In short, no matter how one slices it, the proposal would take money out of the pockets of working-poor and near-poor families with children. Moreover, about 80 percent of EITC payments offset other federal taxes that low- and moderate-income working families pay, including payroll and excise taxes. Delaying payments reduces their value as an offset to other taxes. For many families, the net tax bill would rise next year.

This proposal also could have another deleterious effect — it might weaken welfare reform efforts. The EITC is designed to reward work and help make low-wage jobs pay more than welfare. If the EITC that a worker is due for wages earned in 1999 is not fully paid until 2001, it may be harder to see the linkage between work and the EITC, and the work incentive effects of the EITC could weaken.

Proposal Inconsistent with Other Republican Policy Thrusts

The proposal to delay EITC refunds and stretch them over 12 months is inconsistent with two other types of policy changes the Congressional majority has pursued — streamlining the IRS and making it more friendly to tax filers, and encouraging families to reduce debt overloads that can lead some families to declare bankruptcy. By requiring low- and moderate-income working families with incomes below $30,000 to wait a year to get their full tax refunds — and having EITC refunds cut into as many as 12 separate checks, along with additional difficulties for some families that move during the year — the proposal would complicate the financial picture of many working families. The proposal also would make it harder for many low-income working families to pay down their debts in a timely fashion; research has found that one of the principal uses that many families make of the lump-sum EITC refunds they now receive is to reduce or eliminate arrearages and debts that have accumulated.

Finally, some low-income working families would be subject to even longer delays in receiving EITC payments. Low-income working families move more frequently than higher-income households do; Census data suggest that nearly one in five households with incomes below $30,000 moves in any given year. Because EITC payments would be stretched out over such a long period after a family's tax return is filed, the IRS would inevitably send a number of EITC refund checks to what, by then, had become wrong addresses. The IRS would incur additional expenses trying to track down families, and some families likely would likely encounter significant additional delays in receiving EITC payments they were due.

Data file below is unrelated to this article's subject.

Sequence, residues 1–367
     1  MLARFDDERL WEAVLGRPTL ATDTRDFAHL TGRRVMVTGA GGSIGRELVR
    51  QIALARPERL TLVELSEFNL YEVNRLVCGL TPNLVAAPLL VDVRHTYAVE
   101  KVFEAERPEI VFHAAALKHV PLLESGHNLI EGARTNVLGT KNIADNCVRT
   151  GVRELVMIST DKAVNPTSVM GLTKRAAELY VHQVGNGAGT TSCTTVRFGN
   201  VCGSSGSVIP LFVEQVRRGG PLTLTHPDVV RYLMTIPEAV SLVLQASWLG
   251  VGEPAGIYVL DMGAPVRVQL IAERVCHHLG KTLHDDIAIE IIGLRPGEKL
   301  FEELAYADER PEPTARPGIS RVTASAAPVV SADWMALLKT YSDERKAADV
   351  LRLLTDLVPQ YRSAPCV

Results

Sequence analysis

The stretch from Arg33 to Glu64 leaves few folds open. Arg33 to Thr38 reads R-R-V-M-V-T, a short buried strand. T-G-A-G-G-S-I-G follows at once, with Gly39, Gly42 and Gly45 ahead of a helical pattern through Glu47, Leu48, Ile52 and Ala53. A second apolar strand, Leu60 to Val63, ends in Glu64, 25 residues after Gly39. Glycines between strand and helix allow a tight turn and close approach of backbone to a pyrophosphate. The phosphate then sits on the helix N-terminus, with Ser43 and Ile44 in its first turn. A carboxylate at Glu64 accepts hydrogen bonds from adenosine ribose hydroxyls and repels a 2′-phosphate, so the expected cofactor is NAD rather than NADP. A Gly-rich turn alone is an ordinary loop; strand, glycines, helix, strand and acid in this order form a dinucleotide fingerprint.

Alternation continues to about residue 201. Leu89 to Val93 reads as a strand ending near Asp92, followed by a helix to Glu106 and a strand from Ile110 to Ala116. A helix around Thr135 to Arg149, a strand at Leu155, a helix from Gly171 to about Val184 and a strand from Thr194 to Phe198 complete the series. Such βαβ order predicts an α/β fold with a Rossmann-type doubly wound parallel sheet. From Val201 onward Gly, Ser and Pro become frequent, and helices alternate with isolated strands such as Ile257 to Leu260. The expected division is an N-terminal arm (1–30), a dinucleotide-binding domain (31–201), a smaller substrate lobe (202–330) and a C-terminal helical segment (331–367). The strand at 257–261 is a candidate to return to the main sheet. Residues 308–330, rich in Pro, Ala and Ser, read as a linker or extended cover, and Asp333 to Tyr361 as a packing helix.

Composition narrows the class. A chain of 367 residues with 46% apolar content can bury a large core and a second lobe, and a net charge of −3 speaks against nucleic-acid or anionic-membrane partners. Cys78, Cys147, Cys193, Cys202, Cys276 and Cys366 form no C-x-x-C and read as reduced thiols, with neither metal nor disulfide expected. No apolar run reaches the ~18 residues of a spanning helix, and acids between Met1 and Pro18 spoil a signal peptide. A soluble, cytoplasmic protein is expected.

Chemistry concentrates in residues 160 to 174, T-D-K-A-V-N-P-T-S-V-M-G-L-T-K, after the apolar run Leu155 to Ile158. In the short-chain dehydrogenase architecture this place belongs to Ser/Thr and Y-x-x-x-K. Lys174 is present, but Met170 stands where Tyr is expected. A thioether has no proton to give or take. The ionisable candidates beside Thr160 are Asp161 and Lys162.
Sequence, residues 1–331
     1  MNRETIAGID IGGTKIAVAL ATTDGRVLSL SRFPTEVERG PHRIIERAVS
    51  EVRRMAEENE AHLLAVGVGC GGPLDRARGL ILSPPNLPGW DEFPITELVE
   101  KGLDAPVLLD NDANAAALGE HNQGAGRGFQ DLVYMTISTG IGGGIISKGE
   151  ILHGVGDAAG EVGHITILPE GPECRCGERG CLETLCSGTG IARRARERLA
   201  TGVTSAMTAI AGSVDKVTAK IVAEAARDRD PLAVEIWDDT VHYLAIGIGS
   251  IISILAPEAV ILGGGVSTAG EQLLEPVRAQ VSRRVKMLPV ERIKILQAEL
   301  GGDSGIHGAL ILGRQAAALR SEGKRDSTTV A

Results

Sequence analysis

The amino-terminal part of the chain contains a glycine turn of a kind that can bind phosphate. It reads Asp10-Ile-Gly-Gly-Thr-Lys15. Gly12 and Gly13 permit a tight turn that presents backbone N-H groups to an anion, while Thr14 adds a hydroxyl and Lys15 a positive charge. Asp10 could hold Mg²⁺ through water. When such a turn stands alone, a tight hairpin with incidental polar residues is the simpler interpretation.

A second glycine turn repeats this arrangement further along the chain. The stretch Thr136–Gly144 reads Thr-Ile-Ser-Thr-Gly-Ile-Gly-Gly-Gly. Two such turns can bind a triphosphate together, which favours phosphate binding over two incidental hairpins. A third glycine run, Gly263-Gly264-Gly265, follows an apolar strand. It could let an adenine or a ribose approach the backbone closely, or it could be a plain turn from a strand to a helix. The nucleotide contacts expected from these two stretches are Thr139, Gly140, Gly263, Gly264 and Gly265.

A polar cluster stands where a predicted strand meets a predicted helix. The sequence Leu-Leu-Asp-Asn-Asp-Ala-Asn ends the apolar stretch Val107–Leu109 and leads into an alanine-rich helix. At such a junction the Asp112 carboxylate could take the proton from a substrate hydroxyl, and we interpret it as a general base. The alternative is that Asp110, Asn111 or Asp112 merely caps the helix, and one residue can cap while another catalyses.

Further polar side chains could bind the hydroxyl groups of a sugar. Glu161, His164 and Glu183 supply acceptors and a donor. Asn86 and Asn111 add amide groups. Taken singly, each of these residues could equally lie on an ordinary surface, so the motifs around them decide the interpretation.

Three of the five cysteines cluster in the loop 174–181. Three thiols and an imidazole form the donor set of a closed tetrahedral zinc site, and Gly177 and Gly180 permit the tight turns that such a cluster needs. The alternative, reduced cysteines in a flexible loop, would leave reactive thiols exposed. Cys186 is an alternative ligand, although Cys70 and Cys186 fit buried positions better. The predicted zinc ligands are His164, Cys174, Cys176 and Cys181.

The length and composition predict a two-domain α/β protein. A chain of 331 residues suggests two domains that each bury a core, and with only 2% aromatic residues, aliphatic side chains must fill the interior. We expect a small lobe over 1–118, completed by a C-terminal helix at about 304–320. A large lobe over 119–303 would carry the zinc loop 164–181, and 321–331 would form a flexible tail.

Proposal Appears Administratively Infeasible and
Would Create Serious Problems for the IRS

The proposal also is highly problematic for another set of reasons. The IRS does not now divide any refund payments into 12 monthly or four quarterly checks, so the procedure involved would be a new one that would add administrative complexity. The Treasury has explained that at this late date, the proposal would be extremely difficult, and probably impossible, for the IRS to implement.

The IRS has largely completed work on its electronic returns processing system and related computer systems for the coming tax filing season. Requiring the adjustments this proposal would entail would be a major challenge for the IRS.

The presence of various other tax credits for which these families may qualify complicates this matter further, making the separation of refunds into EITC and non-EITC components a still-more difficult undertaking. Requiring the IRS to overhaul its systems at this late date to implement this proposal would be difficult in an ordinary year. It would be highly problematic now, coming at a time that the IRS is immersed in getting its systems ready for Y2K.

End Note:

1. See Timothy M. Smeeding and Katherin E. Ross (Center for Policy Research, Syracuse University), and Michael O'Conner and Michael Simon (Center for Law and Human Services, Chicago), "The Economic Impact of the Earned Income Tax Credit (EITC)," paper presented at Population Association of America 1999 Annual Meeting.